Saturday, September 26, 2020

How self-indulgent. . .

If you watch the do-it-yourself programs on TV, you see how many times a perfectly good house is stripped bare and re-imagined to another era, tearing down walls in favor of the open concept and making it a schizophrenic building (looking one way on the exterior and another on the interior).  If you want an open concept home, build one.  Do not destroy the integrity of a home built in the day when rooms for a specific purpose mattered.  That is my opinion, anyway.  Buy the house that fits what you want instead of stripping down to the bones and building it back up (and then having it done again the next time things change).  A very large family home (once belonging to my great-grandparents) with all sorts of wonderful turned and carved oak had a remodeled kitchen that looked exactly like the early 1970s.  I know the original kitchen was terrible but what good did it to when it was remodeled to look out of character with the exterior and the rest of the interior.  But maybe you have a different opinion (a wrong one but different).  LOL

The same thing is true of remodeling churches.  Styles go in and out but the most fool hardy thing to do to an historic structure is to make it reflect a moment in time that is in conflict with its exterior.  I follow the Liturgical Arts Journal and its photos of Roman Catholic buildings rescued from poor 1960s-1980s renovations that took away the integrity of the building.  Thankfully, they are being restored not necessarily to their former glory but at least to some measure of integrity with the building's overall structure.  It is an amazing thing to see and I am happy to see that people are spending the money to do time travel with some of these terrible deconstructions.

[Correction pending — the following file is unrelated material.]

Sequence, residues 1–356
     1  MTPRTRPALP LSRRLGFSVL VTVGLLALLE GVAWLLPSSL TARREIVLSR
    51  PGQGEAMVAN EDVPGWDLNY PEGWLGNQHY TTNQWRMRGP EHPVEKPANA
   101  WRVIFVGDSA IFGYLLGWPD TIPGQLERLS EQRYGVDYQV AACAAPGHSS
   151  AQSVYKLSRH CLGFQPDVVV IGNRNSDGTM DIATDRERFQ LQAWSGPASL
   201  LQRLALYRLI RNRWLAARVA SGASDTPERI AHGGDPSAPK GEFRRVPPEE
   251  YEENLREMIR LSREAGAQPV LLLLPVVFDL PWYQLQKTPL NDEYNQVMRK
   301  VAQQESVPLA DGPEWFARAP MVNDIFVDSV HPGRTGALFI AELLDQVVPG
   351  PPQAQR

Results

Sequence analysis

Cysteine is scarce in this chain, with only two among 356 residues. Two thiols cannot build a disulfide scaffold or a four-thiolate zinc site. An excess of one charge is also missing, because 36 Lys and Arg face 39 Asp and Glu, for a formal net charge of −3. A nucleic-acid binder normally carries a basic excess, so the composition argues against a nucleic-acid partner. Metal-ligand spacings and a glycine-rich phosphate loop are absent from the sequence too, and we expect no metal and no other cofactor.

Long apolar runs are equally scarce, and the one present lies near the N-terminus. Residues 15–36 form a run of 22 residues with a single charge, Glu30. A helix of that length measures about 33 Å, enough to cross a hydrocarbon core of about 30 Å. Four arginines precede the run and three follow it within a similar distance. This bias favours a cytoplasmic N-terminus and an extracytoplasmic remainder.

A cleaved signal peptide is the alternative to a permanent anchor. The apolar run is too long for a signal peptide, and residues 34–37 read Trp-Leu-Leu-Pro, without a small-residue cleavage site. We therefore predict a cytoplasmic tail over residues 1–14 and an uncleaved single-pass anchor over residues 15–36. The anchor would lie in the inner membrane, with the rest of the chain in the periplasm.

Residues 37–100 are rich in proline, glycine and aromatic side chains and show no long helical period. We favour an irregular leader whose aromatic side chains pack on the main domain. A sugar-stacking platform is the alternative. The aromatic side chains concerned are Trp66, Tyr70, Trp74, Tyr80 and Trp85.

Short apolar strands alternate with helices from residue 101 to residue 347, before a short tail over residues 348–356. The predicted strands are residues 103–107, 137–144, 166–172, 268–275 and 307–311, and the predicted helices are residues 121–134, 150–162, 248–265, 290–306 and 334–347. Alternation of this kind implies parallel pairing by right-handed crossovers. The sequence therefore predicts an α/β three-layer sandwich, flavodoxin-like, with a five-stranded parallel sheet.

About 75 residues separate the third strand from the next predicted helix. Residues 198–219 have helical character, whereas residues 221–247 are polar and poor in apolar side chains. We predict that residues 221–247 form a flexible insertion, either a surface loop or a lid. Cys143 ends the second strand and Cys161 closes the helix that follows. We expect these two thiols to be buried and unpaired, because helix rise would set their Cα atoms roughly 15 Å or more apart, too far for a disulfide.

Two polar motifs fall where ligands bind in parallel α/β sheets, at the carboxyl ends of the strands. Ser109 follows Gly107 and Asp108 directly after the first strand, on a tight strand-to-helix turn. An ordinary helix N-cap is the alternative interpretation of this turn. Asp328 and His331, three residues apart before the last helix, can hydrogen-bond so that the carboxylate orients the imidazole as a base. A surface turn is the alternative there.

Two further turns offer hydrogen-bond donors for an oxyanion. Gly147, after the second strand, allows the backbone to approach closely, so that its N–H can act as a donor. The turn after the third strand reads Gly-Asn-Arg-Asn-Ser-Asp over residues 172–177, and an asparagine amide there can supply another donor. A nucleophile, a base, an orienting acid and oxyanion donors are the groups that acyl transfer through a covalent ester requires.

Lutherans have done the same terrible job of taking what was once a building with some consistency and destroying it.  Some of those congregations have taken up the cause of restoring  their buildings (St. James in Indiana comes to mind) but others, populated by frugal Lutherans, are not sure it is worth the money.  If you ask me, it is.  Beauty in service to the liturgy is one facet of our obedience and devotion, not unlike the expensive ointment lavished upon our Lord.  Though some might suggest that this is self-indulgent, it is actually money well spent.  The most self-indulgent thing of all is to remodel to fit the moment without care to the integrity of the building.

It is simply impossible for me to believe that the God who specified with such detail the plans for the Ark, the Tent of Meeting, the Tabernacle, and the Temple could now countenance our refusal to invest anything in the cause of beauty in service to His worship and His glory.  So I would suggest that we be both careful in our spending but not cheap in the way we treat the buildings that house the worship of God's people and the place where He serves us with His gifts.  This is no less true of remodeling efforts.

1 comment:

Pastor Jim Wagner said...

Fully agree about churches, not so sure about houses!
I attended Wartburg Seminary which had a beautiful, though somewhat dark chapel. It was surely in need of an update, but the light wood and new configuration just doesn’t work, at least for me.